The United States Space Force recently launched a pair of new satellites to test its early warning system for detecting ballistic and hypersonic missiles, as well as new advanced tracking technologies. The recent launch, carried out into space aboard a United Launch Alliance Atlas 5 rocket, also deployed a spacecraft carrying several classified payloads.
Context: the US Space Force
According to his websitethe US Space Force (USSF) “is responsible for organizing, training, and equipping Guardians to conduct global space operations that improve how our joint and coalition forces fight, while providing decision makers military options to achieve national objectives”.
This mission allows the organization to develop weapons systems, as well as strategies to ensure the security of space and American airspace. Like the rest of the military, the USSF is based in the Pentagon, and many of its members come from the US Air Force. Although the USSF is primarily operated by military personnel, it allows civilians join. This allows for a wider range of perspectives on methods to make the space safer and more democratic.
Analysis: Development of an early warning system
Teams from the USSF and Atlas V (part of the United Launch Alliance, ULA) launched the pair of satellites from Cape Canaveral. The launch was intended to test tracking technology, as well as ballistic and hypersonic systems on the satellites. The total cost of the mission $1.1 billion but had a successful launch as the rocket exploded with 2.3 million pounds of thrust. The mission ended after six hours when the rocket placed the two satellites into Earth orbit 22,300 miles into the atmosphere.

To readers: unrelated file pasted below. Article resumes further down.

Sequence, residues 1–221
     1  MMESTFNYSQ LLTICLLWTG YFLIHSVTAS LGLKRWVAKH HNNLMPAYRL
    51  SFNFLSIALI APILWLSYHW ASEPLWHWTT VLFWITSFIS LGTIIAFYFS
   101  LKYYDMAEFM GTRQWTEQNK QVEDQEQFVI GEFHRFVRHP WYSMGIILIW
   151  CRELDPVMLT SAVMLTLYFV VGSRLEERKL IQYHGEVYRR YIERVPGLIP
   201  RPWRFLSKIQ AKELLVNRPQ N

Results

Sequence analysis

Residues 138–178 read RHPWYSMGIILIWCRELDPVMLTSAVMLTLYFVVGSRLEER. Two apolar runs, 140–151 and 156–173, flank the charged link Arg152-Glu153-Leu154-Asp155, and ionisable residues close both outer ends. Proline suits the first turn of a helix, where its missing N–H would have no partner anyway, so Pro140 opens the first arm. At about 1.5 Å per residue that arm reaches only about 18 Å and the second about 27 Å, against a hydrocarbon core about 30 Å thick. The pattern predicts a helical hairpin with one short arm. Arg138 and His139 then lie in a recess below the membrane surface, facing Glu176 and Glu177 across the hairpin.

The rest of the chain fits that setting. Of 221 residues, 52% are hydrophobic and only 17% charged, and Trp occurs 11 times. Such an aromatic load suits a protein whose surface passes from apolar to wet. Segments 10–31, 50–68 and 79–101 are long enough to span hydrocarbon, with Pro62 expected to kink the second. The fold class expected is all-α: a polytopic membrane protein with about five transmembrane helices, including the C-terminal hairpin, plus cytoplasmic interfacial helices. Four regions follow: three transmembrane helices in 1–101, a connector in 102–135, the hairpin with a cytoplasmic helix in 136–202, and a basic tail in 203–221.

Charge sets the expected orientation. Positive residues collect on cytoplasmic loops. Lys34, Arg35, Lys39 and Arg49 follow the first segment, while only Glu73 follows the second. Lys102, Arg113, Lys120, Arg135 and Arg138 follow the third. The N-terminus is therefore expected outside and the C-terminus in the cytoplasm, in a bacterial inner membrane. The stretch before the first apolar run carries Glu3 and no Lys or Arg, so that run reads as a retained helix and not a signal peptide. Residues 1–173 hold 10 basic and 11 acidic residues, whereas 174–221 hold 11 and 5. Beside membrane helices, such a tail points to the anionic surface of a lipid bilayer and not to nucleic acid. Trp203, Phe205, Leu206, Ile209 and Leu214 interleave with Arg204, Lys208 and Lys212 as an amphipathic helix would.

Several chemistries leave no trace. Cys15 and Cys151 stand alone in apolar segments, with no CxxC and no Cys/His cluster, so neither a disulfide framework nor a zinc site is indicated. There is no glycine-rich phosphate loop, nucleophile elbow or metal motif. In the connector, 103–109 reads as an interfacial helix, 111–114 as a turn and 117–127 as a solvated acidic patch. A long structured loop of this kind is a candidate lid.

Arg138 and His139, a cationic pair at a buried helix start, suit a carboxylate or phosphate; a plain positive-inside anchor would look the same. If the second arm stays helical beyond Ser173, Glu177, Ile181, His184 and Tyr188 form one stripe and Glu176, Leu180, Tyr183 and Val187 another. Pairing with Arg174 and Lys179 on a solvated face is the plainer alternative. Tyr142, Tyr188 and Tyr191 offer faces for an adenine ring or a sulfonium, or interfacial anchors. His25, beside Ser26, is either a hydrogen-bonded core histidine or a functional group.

According Gary Wentz, ULA Vice President of Government and Commercial Programs, “This mission has once again demonstrated ULA’s unparalleled ability to accurately deliver the nation’s most critical assets into highly complex orbit. Our strong partnership with the USSF team is critical to maintaining our nation’s security advantages and achieving strong mission assurance. Thank you to the ULA team and our mission partners for the indelible commitment to mission success. ULA launched 151 rocket missions, all of which were successfully completed.
Looking Ahead: Next Steps for Space Force
This satellite launch is just the beginning of the USSF’s plans for the future. Currently, the USSF website includes several organizations it collaborates with, which includes the Pacific Northwest National Laboratory and MIT. While the exact types of weapons the USSF is developing remain unclear, the recent Cape Canaveral launch gives us a pretty good idea of what’s to come and what to expect from the new branch of the military in the years to come.
Kenna Hughes-Castleberry is a Debrief Writer and Science Communicator at JILA (a partnership between the University of Colorado at Boulder and NIST). It focuses on deep technology, metaverse and quantum technology. You can find more of his work on his website: https://kennacastleberry.com/